Plant wax biomarkers in the Andes-Amazon: Signals of elevation, ecology and hydrology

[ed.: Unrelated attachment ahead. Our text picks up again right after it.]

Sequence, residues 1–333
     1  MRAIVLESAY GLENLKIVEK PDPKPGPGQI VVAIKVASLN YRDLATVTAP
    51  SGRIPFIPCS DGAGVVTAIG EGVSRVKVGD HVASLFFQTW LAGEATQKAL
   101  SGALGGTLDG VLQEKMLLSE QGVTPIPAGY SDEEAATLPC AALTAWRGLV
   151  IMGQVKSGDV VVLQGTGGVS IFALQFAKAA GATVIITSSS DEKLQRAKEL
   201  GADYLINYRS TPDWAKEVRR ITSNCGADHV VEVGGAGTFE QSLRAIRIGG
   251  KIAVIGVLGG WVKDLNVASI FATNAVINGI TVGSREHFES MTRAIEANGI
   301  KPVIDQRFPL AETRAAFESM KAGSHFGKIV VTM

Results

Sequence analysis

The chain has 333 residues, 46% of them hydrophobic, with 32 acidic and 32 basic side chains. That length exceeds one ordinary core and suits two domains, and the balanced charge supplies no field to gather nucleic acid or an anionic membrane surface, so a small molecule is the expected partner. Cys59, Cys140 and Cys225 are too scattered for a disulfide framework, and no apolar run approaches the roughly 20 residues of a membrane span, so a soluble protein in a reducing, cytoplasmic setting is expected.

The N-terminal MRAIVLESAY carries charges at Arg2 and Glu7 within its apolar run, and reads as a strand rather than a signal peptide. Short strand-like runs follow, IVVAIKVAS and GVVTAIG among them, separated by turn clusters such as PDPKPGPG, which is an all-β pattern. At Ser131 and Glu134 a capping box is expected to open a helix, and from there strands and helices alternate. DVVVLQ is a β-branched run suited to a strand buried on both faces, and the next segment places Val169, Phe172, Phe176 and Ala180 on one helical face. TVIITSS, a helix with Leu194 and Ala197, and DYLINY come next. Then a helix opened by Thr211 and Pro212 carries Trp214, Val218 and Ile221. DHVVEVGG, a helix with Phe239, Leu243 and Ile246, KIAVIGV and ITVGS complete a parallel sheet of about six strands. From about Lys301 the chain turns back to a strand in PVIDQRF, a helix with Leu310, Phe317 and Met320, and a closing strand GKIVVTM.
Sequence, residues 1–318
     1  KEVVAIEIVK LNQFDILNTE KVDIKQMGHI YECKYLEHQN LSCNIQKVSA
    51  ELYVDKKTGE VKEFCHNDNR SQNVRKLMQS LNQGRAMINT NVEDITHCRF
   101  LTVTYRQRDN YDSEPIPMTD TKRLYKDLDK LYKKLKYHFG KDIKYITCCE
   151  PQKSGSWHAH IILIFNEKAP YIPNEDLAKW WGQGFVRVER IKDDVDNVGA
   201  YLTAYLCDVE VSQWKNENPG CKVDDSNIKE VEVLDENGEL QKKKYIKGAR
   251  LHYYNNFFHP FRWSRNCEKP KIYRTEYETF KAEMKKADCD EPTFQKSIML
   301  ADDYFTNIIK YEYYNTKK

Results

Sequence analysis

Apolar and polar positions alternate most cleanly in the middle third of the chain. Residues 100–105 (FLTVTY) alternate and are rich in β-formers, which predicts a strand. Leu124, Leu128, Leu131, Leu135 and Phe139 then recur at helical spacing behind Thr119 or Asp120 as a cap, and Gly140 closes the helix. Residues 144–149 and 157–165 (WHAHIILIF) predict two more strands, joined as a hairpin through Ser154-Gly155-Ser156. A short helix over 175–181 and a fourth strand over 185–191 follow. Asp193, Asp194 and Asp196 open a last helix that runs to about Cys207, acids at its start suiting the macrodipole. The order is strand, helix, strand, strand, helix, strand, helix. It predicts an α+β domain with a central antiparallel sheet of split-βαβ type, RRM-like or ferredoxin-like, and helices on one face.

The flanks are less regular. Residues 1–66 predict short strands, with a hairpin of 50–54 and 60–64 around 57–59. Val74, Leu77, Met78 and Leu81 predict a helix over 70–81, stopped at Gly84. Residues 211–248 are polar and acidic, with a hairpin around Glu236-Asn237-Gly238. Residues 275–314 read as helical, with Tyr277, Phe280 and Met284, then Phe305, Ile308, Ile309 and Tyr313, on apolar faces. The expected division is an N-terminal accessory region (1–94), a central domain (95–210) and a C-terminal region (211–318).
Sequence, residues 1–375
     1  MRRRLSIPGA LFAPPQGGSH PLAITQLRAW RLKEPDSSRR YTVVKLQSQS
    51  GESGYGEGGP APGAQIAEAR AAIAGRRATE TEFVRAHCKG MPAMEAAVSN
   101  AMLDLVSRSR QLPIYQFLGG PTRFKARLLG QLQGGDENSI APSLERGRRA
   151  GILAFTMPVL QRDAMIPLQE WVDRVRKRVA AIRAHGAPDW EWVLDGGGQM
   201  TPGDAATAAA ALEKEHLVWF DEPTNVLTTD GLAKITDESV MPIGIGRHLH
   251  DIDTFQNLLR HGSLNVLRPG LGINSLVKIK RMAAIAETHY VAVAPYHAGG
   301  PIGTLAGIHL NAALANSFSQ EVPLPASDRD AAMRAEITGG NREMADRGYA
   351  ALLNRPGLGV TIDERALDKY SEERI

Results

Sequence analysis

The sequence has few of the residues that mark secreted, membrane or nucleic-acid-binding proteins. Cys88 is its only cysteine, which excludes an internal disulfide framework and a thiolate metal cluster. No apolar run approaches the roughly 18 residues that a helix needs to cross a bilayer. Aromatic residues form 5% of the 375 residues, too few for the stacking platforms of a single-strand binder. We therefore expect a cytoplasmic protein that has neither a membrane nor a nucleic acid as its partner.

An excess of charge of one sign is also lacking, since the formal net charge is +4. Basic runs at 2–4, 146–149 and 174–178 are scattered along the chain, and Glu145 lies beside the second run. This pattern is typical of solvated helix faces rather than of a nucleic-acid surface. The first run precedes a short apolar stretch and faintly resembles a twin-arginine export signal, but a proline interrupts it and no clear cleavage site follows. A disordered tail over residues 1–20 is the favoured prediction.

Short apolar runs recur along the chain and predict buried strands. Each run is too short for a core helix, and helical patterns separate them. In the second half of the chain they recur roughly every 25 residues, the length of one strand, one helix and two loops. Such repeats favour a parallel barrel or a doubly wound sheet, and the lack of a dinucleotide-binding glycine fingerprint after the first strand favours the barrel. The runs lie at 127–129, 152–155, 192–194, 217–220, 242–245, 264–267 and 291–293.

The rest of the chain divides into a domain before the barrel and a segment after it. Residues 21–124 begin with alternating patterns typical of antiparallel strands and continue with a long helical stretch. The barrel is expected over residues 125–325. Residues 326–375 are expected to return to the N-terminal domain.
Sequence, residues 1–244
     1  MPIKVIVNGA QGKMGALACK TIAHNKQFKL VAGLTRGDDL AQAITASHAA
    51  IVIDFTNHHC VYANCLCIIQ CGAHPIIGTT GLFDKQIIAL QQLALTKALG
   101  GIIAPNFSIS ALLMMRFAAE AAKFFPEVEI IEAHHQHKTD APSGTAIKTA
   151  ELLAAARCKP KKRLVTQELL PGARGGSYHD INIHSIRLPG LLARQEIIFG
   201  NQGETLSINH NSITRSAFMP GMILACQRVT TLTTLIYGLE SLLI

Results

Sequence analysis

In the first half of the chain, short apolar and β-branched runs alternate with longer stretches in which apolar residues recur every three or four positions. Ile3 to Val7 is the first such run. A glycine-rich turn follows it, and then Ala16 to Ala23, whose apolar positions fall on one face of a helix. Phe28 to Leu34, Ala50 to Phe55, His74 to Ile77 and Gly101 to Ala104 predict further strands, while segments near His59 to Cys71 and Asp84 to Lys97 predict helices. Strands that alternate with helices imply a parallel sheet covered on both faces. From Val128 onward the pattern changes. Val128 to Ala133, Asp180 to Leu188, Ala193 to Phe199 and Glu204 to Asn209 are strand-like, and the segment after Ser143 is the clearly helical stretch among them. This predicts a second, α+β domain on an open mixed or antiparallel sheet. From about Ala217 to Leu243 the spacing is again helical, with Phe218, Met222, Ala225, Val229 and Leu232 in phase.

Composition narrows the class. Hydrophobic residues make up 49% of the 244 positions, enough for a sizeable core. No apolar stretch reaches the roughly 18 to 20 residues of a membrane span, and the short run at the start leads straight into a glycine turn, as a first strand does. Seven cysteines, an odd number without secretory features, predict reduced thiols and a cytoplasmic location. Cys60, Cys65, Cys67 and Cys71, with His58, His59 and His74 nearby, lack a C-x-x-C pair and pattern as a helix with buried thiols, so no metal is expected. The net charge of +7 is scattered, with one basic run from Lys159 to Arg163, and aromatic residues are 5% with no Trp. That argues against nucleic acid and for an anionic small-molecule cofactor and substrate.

Plant waxes perform multiple functions for living plants and through their remarkable resiliency they leave a rich sedimentary legacy for biogeochemical interpretation. In the past decade, I’ve studied the isotopic signatures of these compounds in sedimentary archives around the world, and now find it is time to answer hard questions about these biomarkers in challenging tropical environments. How well do plant biomarkers work as paleoenvironmental proxies in the tropical context of high biodiversity, and how are these biomarkers exported from source to sink? My talk will take you on a picturesque journey through from the tropical montane forests of the Andes, down into lowland Amazonia, via the Madre De Dios River within Peru. Through ambitious sampling campaigns in remote environments, my collaborators and I have acquired unprecedented sample sets across steep topographic, environmental and ecological gradients. In my lab at USC, my group has analyzed the leaf wax molecules in Andean and Amazonian forests and found they capture elevation-specific isotopic signatures. We analyzed the same biomarkers in fluvial transport to determine spatial and temporal integration processes, and the downstream propagation of those signals. This new study provides much needed insights into the source to sink processes of terrestrial biomarkers, needed for two important objectives: 1) the spatial significance of terrestrial signals in lake and marine core sediment core reconstructions, and 2) quantification of export versus remineralization of terrestrial organic carbon from major tropical montane river systems.